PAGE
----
Identity and Authentication

Identity and authentication principles govern how you use the CA SMP/E Internet Service Retrieval. SMP/E communicates with the remote CA Automated Order server using the HTTPS protocol. All communications with the server are performed using Secure Socket Layer (SSL). The client (SMP/E) and the server use X.509 certificates to secure communications when using SSL. When initializing an SSL connection with a server, the client requests the server's X.509 certificate to authenticate the server. The server's certificate identifies the server to the client and provides the server's public key.
SSL server authentication lets a client application confirm the identity of the server application. The client application, through SSL, uses standard public-key cryptography to verify that the server’s certificate and public key are valid. The client application also verifies that the certificate has been signed by a trusted certificate authority that is known to the client application. The client and the server then use the negotiated session keys and begin encrypted communications.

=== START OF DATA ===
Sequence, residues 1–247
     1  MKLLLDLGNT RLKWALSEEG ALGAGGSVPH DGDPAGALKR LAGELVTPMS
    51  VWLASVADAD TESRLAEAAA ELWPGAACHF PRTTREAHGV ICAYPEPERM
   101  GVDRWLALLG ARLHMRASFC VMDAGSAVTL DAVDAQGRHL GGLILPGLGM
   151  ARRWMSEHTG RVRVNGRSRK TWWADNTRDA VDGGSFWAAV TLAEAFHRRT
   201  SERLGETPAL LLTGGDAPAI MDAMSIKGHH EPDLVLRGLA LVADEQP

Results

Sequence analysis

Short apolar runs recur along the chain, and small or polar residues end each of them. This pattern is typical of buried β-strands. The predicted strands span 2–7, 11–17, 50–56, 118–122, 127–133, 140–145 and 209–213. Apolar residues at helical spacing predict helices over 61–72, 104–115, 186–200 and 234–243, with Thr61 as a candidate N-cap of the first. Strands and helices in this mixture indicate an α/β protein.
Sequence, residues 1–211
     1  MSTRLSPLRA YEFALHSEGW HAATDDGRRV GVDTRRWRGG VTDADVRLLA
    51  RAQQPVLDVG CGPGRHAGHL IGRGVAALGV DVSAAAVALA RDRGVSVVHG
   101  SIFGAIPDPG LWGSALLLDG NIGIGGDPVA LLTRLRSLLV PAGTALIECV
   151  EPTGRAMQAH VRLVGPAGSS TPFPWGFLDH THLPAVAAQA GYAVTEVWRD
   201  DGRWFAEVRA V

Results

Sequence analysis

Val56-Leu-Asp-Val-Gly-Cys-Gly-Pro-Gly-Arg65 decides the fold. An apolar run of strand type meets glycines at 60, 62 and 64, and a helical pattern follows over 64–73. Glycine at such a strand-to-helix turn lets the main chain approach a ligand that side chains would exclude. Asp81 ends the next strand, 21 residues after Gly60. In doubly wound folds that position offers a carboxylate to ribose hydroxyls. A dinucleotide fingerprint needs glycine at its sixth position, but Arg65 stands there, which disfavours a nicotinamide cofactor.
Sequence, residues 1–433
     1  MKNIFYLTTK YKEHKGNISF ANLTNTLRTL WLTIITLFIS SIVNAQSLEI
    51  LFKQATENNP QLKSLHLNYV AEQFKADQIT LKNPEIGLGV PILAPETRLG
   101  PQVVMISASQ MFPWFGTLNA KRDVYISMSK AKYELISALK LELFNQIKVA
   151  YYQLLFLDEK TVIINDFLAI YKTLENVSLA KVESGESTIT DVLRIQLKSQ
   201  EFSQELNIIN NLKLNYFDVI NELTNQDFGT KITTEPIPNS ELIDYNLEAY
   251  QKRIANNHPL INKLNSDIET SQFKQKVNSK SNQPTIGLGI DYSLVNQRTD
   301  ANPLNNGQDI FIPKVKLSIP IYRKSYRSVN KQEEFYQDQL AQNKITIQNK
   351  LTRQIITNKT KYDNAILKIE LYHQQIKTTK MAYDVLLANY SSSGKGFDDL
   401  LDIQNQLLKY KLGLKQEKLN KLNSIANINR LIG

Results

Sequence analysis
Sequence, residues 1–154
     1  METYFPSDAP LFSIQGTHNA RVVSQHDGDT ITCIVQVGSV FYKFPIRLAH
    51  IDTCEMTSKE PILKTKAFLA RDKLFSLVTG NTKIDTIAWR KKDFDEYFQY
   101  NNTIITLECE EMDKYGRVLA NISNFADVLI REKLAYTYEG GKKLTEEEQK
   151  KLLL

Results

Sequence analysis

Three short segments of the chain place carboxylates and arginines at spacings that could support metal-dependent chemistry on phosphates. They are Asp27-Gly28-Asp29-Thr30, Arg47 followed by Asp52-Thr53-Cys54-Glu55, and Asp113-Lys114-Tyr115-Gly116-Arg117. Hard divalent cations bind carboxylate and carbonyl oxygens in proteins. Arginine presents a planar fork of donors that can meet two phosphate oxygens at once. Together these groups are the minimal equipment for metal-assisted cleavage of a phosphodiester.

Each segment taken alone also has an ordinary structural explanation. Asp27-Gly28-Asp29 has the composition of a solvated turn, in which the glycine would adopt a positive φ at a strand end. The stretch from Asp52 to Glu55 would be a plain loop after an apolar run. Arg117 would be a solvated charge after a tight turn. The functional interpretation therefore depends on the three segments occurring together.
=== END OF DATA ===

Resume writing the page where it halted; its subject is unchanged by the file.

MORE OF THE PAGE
The trusted certificate authority is an important piece of the SSL server authentication scheme. The trusted certificate authority is an important piece of the SSL server authentication scheme. Certificate authorities are trusted organizations that verify information about servers. Certificate authorities then issue digital certificates that applications may accept as authentication of server identities when used in a secure handshaking protocol such as SSL. Trusting a certificate, which is issued by a certificate authority, is analogous to accepting a passport issued by a national passport agency as proof of identity. We trust that the agency has verified the identity of the passport owner. Similarly, applications may accept certificates that are signed by a certificate authority.
SMP/E processing focuses on these certificates:
  • User certificate
    A certificate that is associated with a z/OS user ID. This certificate is used to authenticate the user’s identity. This certificate type may also be known as a Personal or Client certificate.
  • Certificate-authority certificate
    A certificate that is associated with a certificate authority and is used to verify signatures in other certificates. This certificate type may also be known as a root certificate. GeoTrust is an example of a certificate authority that provides a certificate authority certificate.
  • Download server certificate
    A certificate authority certificate that is required for the SSL handshake.
Detailed instructions to download all certificates reside in the applicable security system configuration article.